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[…] times before, but I’ll reiterate: a 1:1 Omega-6::Omega-3 dietary ratio helps keep dangerous inflammation in check. Seeing as how most Omega-6 fatty acids can be found in “vegetable” oils (soybean, […]

yvonne
7 years 3 months ago

Hi,
Very helpful information. I love your site and will spread the word of health and wellness. I am a cancer survivor and know how important it is to safe healthy. Our health id our greatest asset.

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[…] What’s All This Talk About Inflammation? […]

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[…] number on the intestines as others. Yet, at the end of the day they’re still the same insulin and inflammation inciters. As we’ve said time and again, they add little to a healthy diet and generally fill the […]

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[…] What’s All This Talk About Inflammation? […]

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[…] I ended up having a tonsillectomy, adenoid removal, sinus surgery, and had tubes put in my ears for chronic inflammation. Maybe you are thinking this is the end of the story because surely things started getting better […]

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[…] is ALL about lowering INFLAMMATION.  If you have NO idea what inflammation is…. read this.  In general, reducing inflammation is healthy. In my opinion, inflammation causes many (I would […]

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[…] Mark’s Daily Apple: Primal Living in a Modern World, “What’s All This Talk About I… […]

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[…] more. Of course I am bend towards speculating that the reason why I feel better is because the overall systemic inflammation must have gone down since I eliminated grains and sugar from my diet. It was also interesting for me to learn that […]

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[…] and a half or so.  Two big pros for me.  One, it keeps inflammation in check (read here and here) and really, who wants to look bloated?  Two, while I don’t think its the same thing, the […]

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[…] number on the intestines as others. Yet, at the end of the day they’re still the same insulin and inflammation inciters. As we’ve said time and again, they add little to a healthy diet and generally fill the […]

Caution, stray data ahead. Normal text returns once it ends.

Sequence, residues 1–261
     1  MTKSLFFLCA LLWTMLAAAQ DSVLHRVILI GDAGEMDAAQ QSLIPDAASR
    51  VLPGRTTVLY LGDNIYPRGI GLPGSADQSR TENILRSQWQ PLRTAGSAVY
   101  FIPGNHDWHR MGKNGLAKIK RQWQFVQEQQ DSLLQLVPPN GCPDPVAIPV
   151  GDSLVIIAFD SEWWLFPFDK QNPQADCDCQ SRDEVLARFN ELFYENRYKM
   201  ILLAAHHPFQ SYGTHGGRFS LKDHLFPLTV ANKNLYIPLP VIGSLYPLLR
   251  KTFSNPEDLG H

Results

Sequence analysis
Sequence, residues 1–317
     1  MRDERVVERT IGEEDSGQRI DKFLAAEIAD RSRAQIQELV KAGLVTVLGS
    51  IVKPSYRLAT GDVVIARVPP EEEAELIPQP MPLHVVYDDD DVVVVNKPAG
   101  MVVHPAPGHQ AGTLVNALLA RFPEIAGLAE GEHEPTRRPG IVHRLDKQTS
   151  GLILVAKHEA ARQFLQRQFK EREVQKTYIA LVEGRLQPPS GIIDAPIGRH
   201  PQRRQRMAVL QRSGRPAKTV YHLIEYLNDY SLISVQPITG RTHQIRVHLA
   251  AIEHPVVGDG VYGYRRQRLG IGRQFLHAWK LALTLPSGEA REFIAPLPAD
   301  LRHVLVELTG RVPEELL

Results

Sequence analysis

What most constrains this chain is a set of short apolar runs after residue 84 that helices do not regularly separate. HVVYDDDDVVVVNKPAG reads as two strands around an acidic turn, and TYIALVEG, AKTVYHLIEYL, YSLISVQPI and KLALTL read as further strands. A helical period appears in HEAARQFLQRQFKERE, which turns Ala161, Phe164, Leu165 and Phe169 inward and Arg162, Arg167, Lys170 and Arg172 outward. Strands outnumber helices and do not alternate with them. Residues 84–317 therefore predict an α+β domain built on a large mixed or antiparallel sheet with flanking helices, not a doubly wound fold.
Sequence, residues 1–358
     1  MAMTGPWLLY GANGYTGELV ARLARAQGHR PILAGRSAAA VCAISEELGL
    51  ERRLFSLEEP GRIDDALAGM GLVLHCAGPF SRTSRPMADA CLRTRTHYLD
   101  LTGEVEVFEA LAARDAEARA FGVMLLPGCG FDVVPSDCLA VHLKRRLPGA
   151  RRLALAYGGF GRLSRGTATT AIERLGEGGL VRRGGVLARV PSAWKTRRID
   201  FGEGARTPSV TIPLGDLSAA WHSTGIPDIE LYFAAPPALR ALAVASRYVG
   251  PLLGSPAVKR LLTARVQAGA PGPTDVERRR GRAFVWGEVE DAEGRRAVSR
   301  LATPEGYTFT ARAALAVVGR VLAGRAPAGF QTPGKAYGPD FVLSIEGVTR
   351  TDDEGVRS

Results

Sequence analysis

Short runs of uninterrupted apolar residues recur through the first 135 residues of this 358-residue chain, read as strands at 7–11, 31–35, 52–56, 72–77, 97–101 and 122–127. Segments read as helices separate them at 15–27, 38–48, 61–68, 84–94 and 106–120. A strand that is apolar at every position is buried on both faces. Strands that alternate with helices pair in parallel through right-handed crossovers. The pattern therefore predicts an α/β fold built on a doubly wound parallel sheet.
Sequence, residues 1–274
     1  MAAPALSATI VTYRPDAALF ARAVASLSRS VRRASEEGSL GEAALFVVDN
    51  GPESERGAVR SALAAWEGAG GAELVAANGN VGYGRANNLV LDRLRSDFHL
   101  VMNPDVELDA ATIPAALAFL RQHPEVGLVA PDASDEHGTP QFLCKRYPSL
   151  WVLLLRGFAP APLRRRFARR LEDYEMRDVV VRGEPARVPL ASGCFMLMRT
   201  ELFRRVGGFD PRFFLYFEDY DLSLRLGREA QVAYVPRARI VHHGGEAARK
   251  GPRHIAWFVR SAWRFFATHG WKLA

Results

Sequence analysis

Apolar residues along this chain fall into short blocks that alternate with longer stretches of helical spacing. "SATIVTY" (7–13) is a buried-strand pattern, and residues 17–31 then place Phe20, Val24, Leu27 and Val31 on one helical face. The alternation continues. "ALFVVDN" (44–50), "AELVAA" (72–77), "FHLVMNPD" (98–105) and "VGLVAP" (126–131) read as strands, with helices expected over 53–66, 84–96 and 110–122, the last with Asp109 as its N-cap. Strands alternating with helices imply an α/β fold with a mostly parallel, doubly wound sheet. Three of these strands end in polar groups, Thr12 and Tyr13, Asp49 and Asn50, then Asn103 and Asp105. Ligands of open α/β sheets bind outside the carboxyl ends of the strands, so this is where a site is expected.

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[…] Inflammation – I was going to spend some time myself writing about what I mean by inflammation, but I stumbled upon this article (from one of my favorite paleo blogs btw) which pretty much explains everything I wanted to say on the subject: What Is All This Talk About Inflamatiaon […]

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[…] depends on various strains of bacteria talking to each other, talking to the host cells, inducing inflammation when it’s needed, inhibiting inflammation when it’s not, (by)producing metabolites that […]

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[…] depends on various strains of bacteria talking to each other, talking to the host cells, inducing inflammation when it’s needed, inhibiting inflammation when it’s not, (by)producing metabolites that […]

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[…] taxes the adrenal system, the pancreas, the immune system, and results in a tiny amount of inflammation. We all know what we say about inflammation, right? (Hint: the blight of modern […]

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[…] more about the Primal Lifestyle by visiting the Primal Blueprint 101 page. Thanks for visiting!Inflammation is one of those words that people use without really thinking about its actual meaning. So today […]

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[…] Inflammation is one of those words that people use without really thinking about its actual meaning. So today we’re going to take a bit of a break from the blood lipid series to cover inflammation. In later posts, I’ll dig deeper into how the inflammatory response works with stuff like exercise and heart disease, but for now, I’ll just get the basics out there. […]

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[…] Inflammation is one of those words that people use without really thinking about its actual meaning. So today we’re going to take a bit of a break from the blood lipid series to cover inflammation. In later posts, I’ll dig deeper into how the inflammatory response works with stuff like exercise and heart disease, but for now, I’ll just get the basics out there. […]